Of the five parishes[I assume they mean dioceses... ] in the state of Wisconsin, the Archdiocese of Milwaukee is the only one to adopt Common Core.* The unusual move has led to speculation from some. Listecki insists that standards at the schools he oversees will not be changed by participating in Common Core.
[Abp. Listecki:] Our approach in the Archdiocese of Milwaukee is no different than the approach of other bishops in the State of Wisconsin, namely, that each of us has a strong commitment to Catholic identity, and that commitment shines through boldly in our Catholic schools… Common Core standards are a reference, not a replacement for Catholic school standards. We are not “adopting” Common Core, but rather utilizing those standards, along with our own Catholic school standards, as away of measuring the success of our students.
The [arch]diocese addresses the controversy on its website, with a letter to parents, sample Common Core-aligned essays and questions and a list of what it calls Common Core "myths."
via Newman Society
Define "approach"..... well I guess he does there. Not sure that's really true, considering the fact the Archdiocese has repeatedly shut down "anti" Common Core talks from parish property.
*So we dug into this a bit a while back: Wisconsin Catholic Common Core roundup
To be fair, we know for sure Madison and Green Bay are not using Common Core standards. Superior I have not seen verified, and supposedly La Crosse was not adopting Common Core but the bishop has not confirmed this and ... well, I'm not sure anyone is convinced since parts have been implemented.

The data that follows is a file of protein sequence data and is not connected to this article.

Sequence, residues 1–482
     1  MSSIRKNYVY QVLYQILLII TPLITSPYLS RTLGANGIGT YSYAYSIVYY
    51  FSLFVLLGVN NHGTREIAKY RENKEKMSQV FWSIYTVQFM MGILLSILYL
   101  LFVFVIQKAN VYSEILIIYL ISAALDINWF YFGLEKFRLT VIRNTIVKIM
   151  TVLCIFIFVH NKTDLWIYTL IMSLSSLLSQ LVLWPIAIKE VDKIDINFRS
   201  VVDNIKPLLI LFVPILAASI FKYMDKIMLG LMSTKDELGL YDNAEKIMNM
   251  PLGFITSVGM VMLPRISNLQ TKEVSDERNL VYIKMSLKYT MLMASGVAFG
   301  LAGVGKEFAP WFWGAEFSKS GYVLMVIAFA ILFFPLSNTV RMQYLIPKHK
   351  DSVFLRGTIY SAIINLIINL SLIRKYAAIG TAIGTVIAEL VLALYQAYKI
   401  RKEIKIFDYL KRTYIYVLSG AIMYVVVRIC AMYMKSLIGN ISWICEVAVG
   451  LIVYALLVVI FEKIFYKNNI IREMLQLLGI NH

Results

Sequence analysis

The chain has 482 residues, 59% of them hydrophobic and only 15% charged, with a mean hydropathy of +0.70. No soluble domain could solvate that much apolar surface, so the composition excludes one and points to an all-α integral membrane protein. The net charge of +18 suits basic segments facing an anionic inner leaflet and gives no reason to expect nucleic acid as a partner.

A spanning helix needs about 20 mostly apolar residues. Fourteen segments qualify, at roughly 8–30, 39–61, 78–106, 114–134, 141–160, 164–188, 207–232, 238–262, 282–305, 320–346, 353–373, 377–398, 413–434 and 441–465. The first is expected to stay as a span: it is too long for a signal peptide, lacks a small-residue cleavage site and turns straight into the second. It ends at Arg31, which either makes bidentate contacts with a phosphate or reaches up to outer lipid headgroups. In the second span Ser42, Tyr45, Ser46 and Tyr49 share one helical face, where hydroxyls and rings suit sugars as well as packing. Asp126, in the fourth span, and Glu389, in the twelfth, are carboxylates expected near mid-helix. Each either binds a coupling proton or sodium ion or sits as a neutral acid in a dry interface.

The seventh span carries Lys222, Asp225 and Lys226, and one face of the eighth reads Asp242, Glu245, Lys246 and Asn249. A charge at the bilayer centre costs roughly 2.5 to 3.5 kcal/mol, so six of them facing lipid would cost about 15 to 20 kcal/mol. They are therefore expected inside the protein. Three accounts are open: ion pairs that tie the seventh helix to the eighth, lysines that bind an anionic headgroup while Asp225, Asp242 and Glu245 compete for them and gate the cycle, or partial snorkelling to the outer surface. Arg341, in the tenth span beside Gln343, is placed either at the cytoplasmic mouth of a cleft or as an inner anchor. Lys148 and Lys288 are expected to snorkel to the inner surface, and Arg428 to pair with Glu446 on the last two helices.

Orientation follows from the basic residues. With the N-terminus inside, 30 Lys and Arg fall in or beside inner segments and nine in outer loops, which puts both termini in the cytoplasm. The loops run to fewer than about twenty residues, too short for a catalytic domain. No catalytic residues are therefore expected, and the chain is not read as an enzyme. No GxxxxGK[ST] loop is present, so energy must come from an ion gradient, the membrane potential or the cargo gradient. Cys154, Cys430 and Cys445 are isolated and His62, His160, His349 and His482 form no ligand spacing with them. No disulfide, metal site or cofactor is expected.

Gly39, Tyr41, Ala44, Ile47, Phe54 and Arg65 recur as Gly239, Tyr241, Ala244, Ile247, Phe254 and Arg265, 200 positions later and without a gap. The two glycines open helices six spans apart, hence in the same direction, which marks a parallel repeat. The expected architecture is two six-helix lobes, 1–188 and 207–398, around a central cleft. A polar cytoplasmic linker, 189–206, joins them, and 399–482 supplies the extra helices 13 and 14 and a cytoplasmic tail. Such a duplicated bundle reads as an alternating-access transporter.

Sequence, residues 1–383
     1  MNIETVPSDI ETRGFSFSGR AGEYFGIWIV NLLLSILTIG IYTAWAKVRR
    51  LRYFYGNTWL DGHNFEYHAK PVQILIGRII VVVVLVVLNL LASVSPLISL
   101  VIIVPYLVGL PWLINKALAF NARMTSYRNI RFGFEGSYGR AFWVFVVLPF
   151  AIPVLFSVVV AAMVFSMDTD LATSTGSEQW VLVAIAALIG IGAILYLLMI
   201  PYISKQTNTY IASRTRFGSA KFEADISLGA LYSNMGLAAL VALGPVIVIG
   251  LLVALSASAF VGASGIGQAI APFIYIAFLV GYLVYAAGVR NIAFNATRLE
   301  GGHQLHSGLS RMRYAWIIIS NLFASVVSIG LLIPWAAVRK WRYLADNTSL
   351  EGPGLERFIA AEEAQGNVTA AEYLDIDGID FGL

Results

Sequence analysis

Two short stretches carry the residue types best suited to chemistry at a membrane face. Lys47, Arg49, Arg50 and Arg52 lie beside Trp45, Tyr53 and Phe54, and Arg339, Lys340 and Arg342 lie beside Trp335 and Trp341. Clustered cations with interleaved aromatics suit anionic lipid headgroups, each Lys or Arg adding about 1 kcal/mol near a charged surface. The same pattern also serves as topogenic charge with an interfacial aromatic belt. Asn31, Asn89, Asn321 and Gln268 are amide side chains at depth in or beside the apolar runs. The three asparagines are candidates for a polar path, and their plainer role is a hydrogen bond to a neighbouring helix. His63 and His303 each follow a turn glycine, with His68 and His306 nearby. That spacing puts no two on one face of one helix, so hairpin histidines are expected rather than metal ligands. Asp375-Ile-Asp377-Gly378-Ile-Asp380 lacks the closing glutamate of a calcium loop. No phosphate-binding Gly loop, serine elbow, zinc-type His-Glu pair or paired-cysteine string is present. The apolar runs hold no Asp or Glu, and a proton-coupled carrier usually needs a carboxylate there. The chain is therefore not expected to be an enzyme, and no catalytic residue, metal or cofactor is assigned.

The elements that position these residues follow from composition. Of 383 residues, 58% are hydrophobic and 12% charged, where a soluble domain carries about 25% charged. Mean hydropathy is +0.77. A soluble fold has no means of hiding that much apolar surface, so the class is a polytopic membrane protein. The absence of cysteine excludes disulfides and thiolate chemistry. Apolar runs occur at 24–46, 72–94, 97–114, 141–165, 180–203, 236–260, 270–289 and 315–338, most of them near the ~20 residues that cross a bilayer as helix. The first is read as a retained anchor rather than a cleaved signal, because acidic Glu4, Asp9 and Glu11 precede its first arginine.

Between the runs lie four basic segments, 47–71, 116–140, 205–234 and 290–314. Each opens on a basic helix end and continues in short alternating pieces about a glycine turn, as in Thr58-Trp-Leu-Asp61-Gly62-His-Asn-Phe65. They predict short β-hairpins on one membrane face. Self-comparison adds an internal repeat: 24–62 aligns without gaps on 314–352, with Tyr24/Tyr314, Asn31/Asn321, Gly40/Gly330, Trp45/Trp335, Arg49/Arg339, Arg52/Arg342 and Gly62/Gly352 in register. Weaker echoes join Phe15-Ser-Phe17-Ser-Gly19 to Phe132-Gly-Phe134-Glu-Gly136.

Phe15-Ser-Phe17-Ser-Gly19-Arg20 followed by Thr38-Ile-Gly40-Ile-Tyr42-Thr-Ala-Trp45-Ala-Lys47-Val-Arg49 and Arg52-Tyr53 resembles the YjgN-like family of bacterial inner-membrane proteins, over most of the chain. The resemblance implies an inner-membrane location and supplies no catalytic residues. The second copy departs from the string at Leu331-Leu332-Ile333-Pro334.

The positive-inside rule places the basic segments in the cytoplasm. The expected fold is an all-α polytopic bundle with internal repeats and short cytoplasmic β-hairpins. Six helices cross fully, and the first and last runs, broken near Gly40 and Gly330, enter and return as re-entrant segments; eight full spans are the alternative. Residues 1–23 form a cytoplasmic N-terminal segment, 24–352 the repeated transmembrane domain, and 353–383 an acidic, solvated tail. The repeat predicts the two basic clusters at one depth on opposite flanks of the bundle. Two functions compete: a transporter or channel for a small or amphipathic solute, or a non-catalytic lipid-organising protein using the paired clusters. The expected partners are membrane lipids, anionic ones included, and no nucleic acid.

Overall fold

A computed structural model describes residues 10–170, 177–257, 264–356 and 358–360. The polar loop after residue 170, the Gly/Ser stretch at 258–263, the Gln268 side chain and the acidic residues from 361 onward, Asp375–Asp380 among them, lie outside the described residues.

... And with all the talk of is Common Core kosher for Catholics or not completely deflects the issue that the standards represent a completely untested replacement of good educational methods. I don't think the issue with Common Core has absolutely anything to do with "Catholic identity" per se.
I would recommend reading through the articles on the ArchMil website (http://schools.archmil.org/schools/Common-Core-Documents.htm). They do address some of the concerns, the letter from Fr. Shimek is good, separatism, etc. (also important for homeschoolers to remember). Unfortunately they still miss the ball again, I would recommend they reiterate.... or iterate perhaps the teaching of Vatican II: Declaration on Christian Education
Since parents have given children their life, they are bound by the most serious obligation to educate their offspring and therefore must be recognized as the primary and principal educators. This role in education is so important that only with difficulty can it be supplied where it is lacking.
Yet don't forget this part....
The family which has the primary duty of imparting education needs help of the whole community. In addition, therefore, to the rights of parents and others to whom the parents entrust a share in the work of education, certain rights and duties belong indeed to civil society, whose role is to direct what is required for the common temporal good. Its function is to promote the education of youth in many ways, namely: to protect the duties and rights of parents and others who share in education and to give them aid; according to the principle of subsidiarity, when the endeavors of parents and other societies are lacking, to carry out the work of education in accordance with the wishes of the parents; and, moreover, as the common good demands, to build schools and institutions.Of course where there is a lack of any acceptable school, homeschooling is certainly an option.
The Council also reminds Catholic parents of the duty of entrusting their children to Catholic schools wherever and whenever it is possible and of supporting these schools to the best of their ability and of cooperating with them for the education of their children.We'd have to caveat that with "in good conscience," since the document already declared parents as the primary educators.